TALLAHASSEE, Fla. (AP) — The Rev. Al Sharpton led a march to the Florida Capitol on Wednesday to protest Gov. Ron DeSantis’ rejection of a high school African American history course, accusing the Republican of censoring a fundamental chapter of the nation’s past.
The civil rights leader walked through Tallahassee to the Statehouse with dozens of supporters who criticized the state’s blocking of the Advanced Placement pilot course.
“Our children need to know the whole story. Not to not only know how bad you were, but to know how strong they are,” Sharpton told the crowd, adding, “If you would study history, governor, you would have known to mess with us and education always ends in your defeat.”
Ahead of an expected White House run, DeSantis has continued to focus on eliminating what he calls “woke” ideology in education, seizing on national flashpoints around what children learn about race, gender identity and history.
Sharpton’s appearance in Tallahassee signaled an elevation of the national scrutiny that has followed DeSantis during his time as governor and that has increased as he stakes out his position as a firebrand willing to lean into cultural divides.
The dispute began last month when Florida announced it was rejecting the College Board’s course, saying it violated state law and was historically inaccurate.
The state argued that it promotes the idea that modern American society oppresses Black people, other minorities and women; includes a chapter on Black Queer Studies that the administration finds inappropriate; and uses articles by critics of capitalism.
The College Board released a revised curriculum downplaying some components that had drawn criticism, a move that drew the ire of scholars and advocates on the left. The organization has since maintained that the changes were substantially complete before DeSantis made his objections.
The spat continued when the board issued a set of statements days apart that heavily criticized the DeSantis administration and apologized for not taking a stronger stance. The board has also said it is still awaiting clarification on exactly how the course violates Florida law.
“We deeply regret not immediately denouncing the Florida Department of Education’s slander, magnified by the DeSantis administration’s subsequent comments, that African American Studies ‘lacks educational value.’ Our failure to raise our voice betrayed Black scholars everywhere and those who have long toiled to build this remarkable field,” the board said in a statement.
A spokeswoman for the Florida Department of Education said Wednesday that the College Board had not yet submitted the official course framework for additional review.
DeSantis has begun suggesting this week that the state break away from the College Board and its Advanced Placement courses and instead contract with other educational organizations that maintain programs for high schoolers to gain college credit.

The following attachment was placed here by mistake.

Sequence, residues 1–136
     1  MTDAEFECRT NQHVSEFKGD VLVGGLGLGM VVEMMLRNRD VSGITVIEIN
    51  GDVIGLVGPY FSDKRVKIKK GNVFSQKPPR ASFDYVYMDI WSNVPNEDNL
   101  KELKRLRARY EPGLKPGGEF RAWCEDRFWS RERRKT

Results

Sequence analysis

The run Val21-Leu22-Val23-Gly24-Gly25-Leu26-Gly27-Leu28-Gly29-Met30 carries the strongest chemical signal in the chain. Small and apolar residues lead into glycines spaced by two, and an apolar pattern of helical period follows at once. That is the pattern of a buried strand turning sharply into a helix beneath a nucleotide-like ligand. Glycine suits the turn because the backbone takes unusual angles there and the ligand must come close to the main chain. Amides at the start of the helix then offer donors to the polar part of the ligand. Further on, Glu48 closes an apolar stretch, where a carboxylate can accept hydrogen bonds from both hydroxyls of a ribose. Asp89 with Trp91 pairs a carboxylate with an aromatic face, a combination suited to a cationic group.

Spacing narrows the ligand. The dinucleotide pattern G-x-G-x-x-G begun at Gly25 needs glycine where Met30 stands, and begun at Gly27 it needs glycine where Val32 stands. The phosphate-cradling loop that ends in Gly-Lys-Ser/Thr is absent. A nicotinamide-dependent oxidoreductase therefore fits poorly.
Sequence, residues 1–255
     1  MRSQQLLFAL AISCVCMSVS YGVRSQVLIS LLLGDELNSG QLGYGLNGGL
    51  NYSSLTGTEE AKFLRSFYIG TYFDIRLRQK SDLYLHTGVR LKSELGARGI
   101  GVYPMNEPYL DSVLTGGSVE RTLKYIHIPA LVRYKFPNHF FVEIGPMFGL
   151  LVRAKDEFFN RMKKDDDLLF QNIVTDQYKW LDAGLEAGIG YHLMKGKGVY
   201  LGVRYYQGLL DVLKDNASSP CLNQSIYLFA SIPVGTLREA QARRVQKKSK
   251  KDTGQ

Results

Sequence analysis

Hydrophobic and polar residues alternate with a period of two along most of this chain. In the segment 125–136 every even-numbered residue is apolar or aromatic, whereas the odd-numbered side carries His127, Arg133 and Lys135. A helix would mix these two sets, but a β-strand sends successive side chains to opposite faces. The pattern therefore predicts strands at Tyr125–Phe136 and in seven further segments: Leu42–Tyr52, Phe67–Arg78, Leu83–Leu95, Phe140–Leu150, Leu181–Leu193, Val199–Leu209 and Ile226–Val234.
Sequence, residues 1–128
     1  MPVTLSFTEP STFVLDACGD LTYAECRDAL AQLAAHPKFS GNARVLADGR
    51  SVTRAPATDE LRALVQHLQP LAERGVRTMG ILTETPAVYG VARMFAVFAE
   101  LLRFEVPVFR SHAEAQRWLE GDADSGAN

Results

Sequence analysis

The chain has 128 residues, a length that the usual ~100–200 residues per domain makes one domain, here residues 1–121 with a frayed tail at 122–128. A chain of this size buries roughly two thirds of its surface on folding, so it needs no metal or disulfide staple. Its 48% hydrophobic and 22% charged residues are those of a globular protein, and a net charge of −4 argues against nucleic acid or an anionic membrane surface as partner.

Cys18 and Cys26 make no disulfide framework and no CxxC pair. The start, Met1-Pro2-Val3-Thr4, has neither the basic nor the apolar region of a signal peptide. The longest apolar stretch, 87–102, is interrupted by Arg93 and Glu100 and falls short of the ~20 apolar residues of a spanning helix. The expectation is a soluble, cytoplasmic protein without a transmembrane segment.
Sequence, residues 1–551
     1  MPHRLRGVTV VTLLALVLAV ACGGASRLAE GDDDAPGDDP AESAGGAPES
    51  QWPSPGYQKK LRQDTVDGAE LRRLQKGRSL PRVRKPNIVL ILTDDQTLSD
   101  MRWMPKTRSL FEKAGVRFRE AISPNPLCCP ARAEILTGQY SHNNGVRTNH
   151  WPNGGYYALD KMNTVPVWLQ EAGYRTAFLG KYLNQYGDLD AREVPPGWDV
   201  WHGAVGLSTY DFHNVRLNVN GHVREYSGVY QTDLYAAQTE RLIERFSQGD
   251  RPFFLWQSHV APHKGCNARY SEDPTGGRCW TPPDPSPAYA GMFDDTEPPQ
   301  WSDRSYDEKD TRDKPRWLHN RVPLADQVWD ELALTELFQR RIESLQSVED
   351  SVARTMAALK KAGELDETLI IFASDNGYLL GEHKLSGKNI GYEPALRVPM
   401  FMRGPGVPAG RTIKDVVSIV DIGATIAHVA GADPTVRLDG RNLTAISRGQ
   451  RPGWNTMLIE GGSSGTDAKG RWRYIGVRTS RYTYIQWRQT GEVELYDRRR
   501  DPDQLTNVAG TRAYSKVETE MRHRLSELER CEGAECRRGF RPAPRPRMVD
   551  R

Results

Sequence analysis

“Florida students are going to have that ability that is not going to be diminished, in fact we’re going to continue to work to expand it,” DeSantis said, “but it’s not clear to me that this particular operator is the one that’s going to need to be used in the future.”
The rejection of the course has drawn national attention and led Democratic New Jersey Gov. Phil Murphy to announce that his state would expand the pilot course from one school to 26.
Like other Republicans and potential presidential candidates, DeSantis has taken an aggressive stance on education policy and moved to increase government control over what is taught in the classroom.
Over the last year, he has signed a law critics call “ Don’t Say Gay,” which bars lessons on sexual orientation or gender identity through the third grade as well as instruction deemed inappropriate, and also has approved what is known as the Stop WOKE Act, to restrict certain race-based conversations and analysis in schools and businesses.
More recently the governor announced plans to block state colleges from having programs on diversity, equity and inclusion, and critical race theory.
He has also moved to reshape the once progressive New College of Florida, appointing six new trustees who are tasked with transforming it into a classical liberal arts school modeled after conservative favorite Hillsdale College in Michigan.
Florida is weeks away from its regular legislative session, in which a Republican supermajority stands ready to deliver on the governor’s conservative agenda. DeSantis is expected to use the session to stack up political victories that will form the platform for his potential 2024 presidential bid.